FBI Issues PSA Warning Investors of DeFi Smart Contract Hacks
On Monday, the FBI issued a public service announcement to warn DeFi users and investors of the risks associated with DeFi smart contracts and their potential vulnerabilities.
The announcement said, “...cyber criminals [are] increasingly exploiting vulnerabilities in DeFi platforms to obtain crypto…,” and later specifically mentions complex, cross-chain bridges being a primary target of hackers. It cites Chainalysis’ data on DeFi hacks which revealed that 97% of the $1.7 billion in cryptocurrency lost to hacks between January to March of 2022 was on DeFi protocols.
The announcement concluded by offering the following recommendations to DeFi developers to prevent future hacks:
Real time analytics, monitoring, and rigorous testing of the code to identify vulnerabilities and respond to indicators of suspicious activity; and
Develop and implement an incident response plan to alert investors when a breach has occurred or been detected
What does this mean?
Major hacks like the Ronin bridge hack were cited in the press release announcing the Tornado Cash sanctions, and the FBI issuing a (technically sophisticated) DeFi-specific PSA reflects law enforcement’s concern, not only for the monetary losses but also what those stolen assets can be used for.
House Subcommittee Chair Requests Info from Top Regulators on Consumer Protection and Crypto
On Tuesday, Rep. Raja Krishnamoorthi (D-IL), Chairman of the House Oversight Committee’s Subcommittee on Economic and Consumer Policy, announced that he distributed letters to the chiefs of the Treasury, SEC, FTC, and CFTC asking each what they are doing to protect consumers in the crypto space and what, if anything, Congress can do to help. Letters were also sent to several centralized exchanges including FTX, Kraken, and Binance.
In the letters, Rep. Krishnamoorthi raised several concerns over the lack of protections in place to shield investors from harm. “The lack of a central authority to flag suspicious transactions in many situations, the irreversibility of transactions, and the limited understanding many consumers have of the underlying technology make cryptocurrency a preferred transaction method for scammers,” Krishnamoorthi wrote.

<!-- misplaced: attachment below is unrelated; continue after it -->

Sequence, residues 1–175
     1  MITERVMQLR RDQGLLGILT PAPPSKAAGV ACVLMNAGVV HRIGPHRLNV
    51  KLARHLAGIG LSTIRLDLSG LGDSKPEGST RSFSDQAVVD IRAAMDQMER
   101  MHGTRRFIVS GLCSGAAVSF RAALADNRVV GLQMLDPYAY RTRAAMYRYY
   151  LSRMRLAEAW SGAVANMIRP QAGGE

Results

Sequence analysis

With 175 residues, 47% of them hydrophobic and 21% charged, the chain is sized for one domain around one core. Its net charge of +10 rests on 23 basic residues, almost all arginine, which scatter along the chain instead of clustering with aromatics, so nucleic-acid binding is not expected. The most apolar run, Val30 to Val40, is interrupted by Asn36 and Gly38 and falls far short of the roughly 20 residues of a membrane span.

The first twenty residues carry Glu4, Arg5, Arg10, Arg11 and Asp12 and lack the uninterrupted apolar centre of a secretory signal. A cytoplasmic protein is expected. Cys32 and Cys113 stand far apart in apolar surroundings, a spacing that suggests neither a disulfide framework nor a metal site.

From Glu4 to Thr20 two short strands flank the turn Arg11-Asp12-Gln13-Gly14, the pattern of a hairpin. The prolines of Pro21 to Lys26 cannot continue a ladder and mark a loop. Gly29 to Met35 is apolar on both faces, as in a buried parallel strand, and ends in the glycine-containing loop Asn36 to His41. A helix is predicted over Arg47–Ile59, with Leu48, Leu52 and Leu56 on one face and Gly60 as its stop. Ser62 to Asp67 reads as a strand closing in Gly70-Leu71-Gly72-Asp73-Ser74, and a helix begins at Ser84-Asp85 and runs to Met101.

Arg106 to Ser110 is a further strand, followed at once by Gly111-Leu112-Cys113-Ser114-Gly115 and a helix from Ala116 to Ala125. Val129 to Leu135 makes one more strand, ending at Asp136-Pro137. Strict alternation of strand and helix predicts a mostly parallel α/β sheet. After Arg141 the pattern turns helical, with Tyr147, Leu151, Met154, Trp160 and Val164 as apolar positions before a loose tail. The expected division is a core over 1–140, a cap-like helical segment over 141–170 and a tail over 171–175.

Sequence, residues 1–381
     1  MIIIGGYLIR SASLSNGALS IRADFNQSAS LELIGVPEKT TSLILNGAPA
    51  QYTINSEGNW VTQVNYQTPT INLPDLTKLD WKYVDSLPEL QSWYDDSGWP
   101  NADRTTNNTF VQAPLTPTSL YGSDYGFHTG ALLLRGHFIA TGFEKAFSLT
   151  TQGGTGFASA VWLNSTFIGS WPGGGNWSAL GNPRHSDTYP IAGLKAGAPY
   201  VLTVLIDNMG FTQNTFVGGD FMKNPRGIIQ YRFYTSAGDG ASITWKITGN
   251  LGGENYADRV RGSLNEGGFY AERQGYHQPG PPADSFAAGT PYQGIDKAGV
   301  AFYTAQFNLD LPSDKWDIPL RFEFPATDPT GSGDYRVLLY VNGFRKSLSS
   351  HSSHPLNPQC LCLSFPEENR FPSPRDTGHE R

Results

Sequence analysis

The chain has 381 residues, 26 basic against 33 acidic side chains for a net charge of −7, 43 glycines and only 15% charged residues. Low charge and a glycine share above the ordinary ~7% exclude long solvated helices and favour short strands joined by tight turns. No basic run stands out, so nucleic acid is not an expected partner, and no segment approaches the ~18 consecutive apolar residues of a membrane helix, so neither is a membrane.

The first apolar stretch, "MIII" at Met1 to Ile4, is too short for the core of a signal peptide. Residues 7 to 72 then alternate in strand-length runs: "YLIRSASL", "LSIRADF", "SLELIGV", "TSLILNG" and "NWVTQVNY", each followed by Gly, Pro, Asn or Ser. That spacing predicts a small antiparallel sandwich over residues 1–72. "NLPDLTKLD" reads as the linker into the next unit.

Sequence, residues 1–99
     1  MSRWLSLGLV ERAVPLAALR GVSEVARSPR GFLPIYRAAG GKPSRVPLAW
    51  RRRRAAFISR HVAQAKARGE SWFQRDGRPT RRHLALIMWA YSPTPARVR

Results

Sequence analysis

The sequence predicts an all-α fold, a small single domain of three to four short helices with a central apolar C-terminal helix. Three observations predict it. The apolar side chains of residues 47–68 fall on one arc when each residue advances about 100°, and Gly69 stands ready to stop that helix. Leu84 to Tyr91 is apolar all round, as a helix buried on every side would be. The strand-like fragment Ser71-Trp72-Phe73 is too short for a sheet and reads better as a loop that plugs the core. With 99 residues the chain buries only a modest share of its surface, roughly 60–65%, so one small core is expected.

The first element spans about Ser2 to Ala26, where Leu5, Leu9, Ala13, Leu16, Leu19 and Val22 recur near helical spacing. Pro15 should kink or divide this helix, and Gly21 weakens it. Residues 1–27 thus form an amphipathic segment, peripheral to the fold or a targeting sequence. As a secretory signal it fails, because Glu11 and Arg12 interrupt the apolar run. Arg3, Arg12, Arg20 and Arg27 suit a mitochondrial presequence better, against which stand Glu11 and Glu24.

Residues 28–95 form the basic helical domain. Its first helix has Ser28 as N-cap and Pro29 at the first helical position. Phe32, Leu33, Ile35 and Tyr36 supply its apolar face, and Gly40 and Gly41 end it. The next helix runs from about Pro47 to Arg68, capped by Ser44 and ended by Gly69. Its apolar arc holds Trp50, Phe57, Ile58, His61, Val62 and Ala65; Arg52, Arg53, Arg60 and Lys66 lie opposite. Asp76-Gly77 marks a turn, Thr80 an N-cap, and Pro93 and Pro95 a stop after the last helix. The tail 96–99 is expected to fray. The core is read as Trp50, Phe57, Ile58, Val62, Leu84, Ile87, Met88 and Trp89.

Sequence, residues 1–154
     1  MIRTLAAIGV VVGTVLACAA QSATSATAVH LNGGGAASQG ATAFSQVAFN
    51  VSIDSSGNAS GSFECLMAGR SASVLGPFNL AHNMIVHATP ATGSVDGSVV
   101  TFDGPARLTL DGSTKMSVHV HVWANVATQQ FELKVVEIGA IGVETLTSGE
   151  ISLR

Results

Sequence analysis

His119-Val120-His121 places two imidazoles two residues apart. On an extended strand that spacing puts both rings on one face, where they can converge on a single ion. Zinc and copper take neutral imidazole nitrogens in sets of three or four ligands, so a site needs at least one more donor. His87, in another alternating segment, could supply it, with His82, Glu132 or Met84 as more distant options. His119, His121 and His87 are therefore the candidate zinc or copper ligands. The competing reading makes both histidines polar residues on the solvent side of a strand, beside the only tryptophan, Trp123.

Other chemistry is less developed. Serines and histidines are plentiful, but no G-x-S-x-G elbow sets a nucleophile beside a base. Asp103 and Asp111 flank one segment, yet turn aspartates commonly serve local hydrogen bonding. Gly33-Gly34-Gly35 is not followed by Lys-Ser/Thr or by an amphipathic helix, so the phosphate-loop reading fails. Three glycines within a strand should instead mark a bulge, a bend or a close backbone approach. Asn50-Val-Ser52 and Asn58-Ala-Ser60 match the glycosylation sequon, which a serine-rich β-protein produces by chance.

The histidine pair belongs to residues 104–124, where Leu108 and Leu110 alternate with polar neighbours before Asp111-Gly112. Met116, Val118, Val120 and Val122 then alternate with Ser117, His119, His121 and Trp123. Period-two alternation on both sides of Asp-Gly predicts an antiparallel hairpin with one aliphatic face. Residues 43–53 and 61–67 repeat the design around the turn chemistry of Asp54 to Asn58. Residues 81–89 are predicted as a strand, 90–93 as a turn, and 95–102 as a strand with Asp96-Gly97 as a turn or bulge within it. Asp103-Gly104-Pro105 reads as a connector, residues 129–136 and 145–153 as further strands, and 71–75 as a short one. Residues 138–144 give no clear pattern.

The letters went on to ask agencies and companies to supply any data or information that would assist Congress in their efforts to draft effective legislation. The respondents were given until September 12th to provide their answers indicating a degree of urgency from House Democrats to pass legislation before the November midterms.
Krishnamoorthi specifically asks the addressees for an answer to the million dollar question: Are cryptocurrencies securities? Commodities? Both? Explain.
What does this mean?
Not much for DeFi specifically, but this serves as yet another indicator of increased congressional interest in crypto and that federal legislation is probably on the way. Not any time soon, though, in our opinion.
Fed Vice Chair Lael Brainard Announces FedNow Payment Service Roll Out
In a speech on Monday, Federal Reserve Vice Chair Lael Brainard announced that the FedNow Payment Service is set to be up and running in mid-2023.
The software has been advertised as an instant payment service for consumers and businesses to use. In the words of the Vice Chair, “The FedNow Service will transform the way everyday payments are made throughout the economy, bringing substantial gains to households and businesses through the ability to send instant payments at any time on any day, and the funds being immediately available to recipients to make other payments or manage cash flow efficiently.”
In her speech, Brainard encouraged financial institutions to adopt the beta version of the software now in order to test its resilience and features. Supporters of the service claim that adoption would lower transaction costs, speed up settlement time, reduce systemic risk in banking, and promote financial inclusion.
What does this mean?
FedNow’s long-awaited launch would bring faster settlement to the United States and probably further undermines the case for a CBDC. Vice Chair Brainard has said in the past that while the US government launching a CBDC is possible in the future, it won’t happen for at least five years.
As we’ve written before, CBDCs are “tabula rasas” that can be designed to replicate the unique features of cash transactions or to create a potent tool of mass surveillance and coercion—and everything in between. They’re controversial. There is significant debate in Congress on the merits of issuing a CBDC, and several of the reports delineated in this year’s executive order (several due September 5, but don’t hold your breath) on digital assets are focused on CBDC issues.